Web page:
There is only 1 teacher for 20 – 30 students. This makes it hard for teachers to work with students to correct their pronunciation. Plus, the learning environment can induce a lot of anxiety around language-learning. Mistakes are punished. And adults are more concerned with looking foolish. These feelings create anxiety and a fear of embarrassment that shuts down the process entirely.
Luckily, there is an upside. As more people have cell phones, schools have started relying more and more on language learning apps as a resource for students. As a result, kids may find ways to learn a language that actually works for them (as opposed to grammar activities and language books with dated, awkward phrases).
But, throwing applications in the direction of students isn’t enough either. Without regular use and exposure, knowledge fades. The reason that most of the world is bilingual has to deal with the attitude towards language learning in general. Simply put, there needs to be more of a culture push towards language acquisition.
By 2050, the US will most likely contain the highest percentage of Spanish speakers in the world. While language-learning trends in the US come and go, this influx of Spanish speakers could inspire a culture of bilingualism to develop in the states. However, it’s not certain.
Even though the need to learn a language increases every day, there’s still a polarized attitude towards language learning. That polarization will need to be addressed first. People will also need to discover the value of being bilingual or multilingual. If more awareness around these skills spreads, language-learning could increase in popularity.
The expansion of globalization will play a major role. As more countries share their cultures and travel continues to become popular, more people might realize the true value of learning a new language.
Technology will continue to bring people closer together. That may also play a role in inspiring people to learn a new language. In short, if more people see that there are plenty of opportunities to use a language that they learn, then language-learning could continue to increase in popularity.
Will we ever reach a point where there is just one language. The short answer is, no. It’s understandable to wonder whether or not the language barrier will fall. English is the current lingua franca. Many people study it as a second language. It’s the language of business, the internet, and much of mainstream culture. But that’s likely to change.
As more countries develop, they’ll want to share their ideas, emotions, and cultures with the world. Everyone has a story to tell. Language helps communicate that story. Translating it or adapting it into a different language alters the original story. To get a glimpse of the original ideas, people will need to speak that language.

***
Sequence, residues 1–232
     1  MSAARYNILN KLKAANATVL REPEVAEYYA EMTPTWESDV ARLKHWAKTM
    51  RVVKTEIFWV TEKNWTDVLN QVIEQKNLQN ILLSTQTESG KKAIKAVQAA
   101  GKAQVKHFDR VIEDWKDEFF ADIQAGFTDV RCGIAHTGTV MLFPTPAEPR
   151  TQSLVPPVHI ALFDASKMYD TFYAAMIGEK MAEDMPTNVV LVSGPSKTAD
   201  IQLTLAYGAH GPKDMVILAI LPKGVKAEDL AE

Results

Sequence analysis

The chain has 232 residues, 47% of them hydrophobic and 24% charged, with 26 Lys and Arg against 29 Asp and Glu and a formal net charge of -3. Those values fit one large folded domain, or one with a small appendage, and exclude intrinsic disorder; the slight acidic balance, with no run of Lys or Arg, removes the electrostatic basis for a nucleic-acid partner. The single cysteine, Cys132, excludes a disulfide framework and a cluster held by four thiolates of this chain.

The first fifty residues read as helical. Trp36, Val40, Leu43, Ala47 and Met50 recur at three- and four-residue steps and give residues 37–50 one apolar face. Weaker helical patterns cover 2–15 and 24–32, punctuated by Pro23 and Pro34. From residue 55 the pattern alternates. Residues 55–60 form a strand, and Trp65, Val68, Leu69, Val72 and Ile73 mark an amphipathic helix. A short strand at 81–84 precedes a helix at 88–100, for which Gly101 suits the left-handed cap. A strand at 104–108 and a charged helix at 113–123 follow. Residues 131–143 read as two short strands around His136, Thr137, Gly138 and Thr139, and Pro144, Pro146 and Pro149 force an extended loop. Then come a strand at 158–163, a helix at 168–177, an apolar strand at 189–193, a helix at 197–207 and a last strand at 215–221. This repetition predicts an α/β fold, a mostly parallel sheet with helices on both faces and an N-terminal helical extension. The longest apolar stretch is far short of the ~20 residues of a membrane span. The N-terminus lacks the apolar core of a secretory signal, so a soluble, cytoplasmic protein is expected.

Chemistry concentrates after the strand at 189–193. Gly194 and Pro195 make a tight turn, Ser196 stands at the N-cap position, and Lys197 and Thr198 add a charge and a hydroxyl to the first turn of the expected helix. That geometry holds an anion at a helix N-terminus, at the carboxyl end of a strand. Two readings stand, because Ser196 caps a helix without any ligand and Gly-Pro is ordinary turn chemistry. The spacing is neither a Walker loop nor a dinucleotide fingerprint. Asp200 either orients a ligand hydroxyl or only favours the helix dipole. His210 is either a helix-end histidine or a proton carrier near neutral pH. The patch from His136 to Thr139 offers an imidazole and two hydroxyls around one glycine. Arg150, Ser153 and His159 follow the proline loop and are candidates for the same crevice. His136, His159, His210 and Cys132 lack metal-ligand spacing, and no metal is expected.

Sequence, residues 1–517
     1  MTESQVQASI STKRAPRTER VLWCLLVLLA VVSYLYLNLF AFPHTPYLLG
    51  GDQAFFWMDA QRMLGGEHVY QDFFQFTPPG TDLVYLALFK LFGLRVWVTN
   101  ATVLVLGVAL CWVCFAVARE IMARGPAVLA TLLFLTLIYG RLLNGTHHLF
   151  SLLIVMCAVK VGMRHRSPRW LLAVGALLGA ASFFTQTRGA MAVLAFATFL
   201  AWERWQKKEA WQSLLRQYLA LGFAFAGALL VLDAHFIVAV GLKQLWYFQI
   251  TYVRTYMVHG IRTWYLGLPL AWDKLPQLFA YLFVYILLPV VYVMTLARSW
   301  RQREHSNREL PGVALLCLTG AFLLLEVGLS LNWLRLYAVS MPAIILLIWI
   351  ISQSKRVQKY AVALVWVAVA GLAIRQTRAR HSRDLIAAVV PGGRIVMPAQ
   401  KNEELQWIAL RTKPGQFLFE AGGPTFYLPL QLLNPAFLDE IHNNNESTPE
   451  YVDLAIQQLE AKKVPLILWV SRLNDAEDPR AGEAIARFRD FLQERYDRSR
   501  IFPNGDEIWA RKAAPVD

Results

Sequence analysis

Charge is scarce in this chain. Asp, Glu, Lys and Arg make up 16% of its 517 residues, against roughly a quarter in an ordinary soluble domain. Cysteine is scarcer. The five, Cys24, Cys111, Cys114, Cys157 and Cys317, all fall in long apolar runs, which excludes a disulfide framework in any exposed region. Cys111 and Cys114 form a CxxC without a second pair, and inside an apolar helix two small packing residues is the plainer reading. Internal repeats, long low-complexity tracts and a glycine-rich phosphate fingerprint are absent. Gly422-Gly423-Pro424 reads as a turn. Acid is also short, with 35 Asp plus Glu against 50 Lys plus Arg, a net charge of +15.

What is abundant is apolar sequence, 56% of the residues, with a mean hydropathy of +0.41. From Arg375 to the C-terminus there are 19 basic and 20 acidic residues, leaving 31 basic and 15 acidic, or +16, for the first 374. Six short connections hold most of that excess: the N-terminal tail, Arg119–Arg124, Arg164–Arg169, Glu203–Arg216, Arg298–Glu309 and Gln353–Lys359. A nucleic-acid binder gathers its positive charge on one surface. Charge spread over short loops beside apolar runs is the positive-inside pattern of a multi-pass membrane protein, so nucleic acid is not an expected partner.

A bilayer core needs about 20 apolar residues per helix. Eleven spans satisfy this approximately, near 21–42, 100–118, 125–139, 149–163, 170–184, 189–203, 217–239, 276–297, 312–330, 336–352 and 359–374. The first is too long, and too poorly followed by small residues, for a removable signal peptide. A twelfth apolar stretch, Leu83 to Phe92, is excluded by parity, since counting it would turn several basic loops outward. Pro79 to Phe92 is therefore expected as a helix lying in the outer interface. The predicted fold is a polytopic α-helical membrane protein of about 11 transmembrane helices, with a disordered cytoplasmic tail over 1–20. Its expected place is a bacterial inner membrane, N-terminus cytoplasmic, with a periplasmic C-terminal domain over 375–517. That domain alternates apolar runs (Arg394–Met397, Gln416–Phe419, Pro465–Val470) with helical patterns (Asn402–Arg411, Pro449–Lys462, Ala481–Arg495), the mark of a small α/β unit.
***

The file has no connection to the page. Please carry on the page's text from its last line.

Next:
But language isn’t just a form of communication. It’s an expression of those cultures, ideas, and histories. It’s part of one’s identity. And as long as people take pride in who they are and where they come from, multiple languages will (and should) continue to exist.
There are limits to technology. Not only in its accuracy, but in its use. What good is a language-learning app on your phone if your phone dies when you’re traveling? Or you can’t get internet access? Or you need to speak quickly? And how can you connect with fellow travelers or locals if you can’t at least speak some of the languages?
No one will wait around for you to type sentences into an app during a conversation…
There are many benefits to learning a new language. You can connect with others. You’re able to travel untethered. You get more freedom when you’re on the road. And you get a look at a culture in a way you never could if you only spoke one language. Learning a new language changes your perception of the world.
Then, there are the brain training benefits of learning a new language. You keep your brain active and help combat brain diseases like Alzheimer’s. You can improve your memory and ability to multitask. And you think about problems differently, adding a new perspective in various situations.
All this doesn’t even begin to cover the life benefits of learning a new language, such as employment opportunities and better job security. The list goes on and on.
As more and more people gain an interest in learning a language, more applications will need to focus on effective practices. Unfortunately, there are a lot of bad applications out there that focus on dated methods like memorization and grammar. Others give you the illusion of achieving fluency by awarding fake internet points, dazzling you with brilliant visual displays. The marketing strategy is simple, “charge them once for what we can and move on.”
That needs to change.
A language is a tool for communication, not something to be studied in a laboratory. That’s why if you want to reach fluency, you need to start speaking, NOT typing, in your target language. The best apps will focus on using your new language. And they’ll be there with you every step of the way, guiding you to fluency. Any app that falls short of that isn’t worth the time or money invested.